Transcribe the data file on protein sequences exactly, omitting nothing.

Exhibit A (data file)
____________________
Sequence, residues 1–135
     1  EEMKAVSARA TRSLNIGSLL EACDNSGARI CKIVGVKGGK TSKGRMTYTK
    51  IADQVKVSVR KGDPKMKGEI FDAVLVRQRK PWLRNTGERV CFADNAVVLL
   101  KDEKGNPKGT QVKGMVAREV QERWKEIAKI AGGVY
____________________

Sequence, residues 1–135
     1  EEMKAVSARA TRSLNIGSLL EACDNSGARI CKIVGVKGGK TSKGRMTYTK
    51  IADQVKVSVR KGDPKMKGEI FDAVLVRQRK PWLRNTGERV CFADNAVVLL
   101  KDEKGNPKGT QVKGMVAREV QERWKEIAKI AGGVY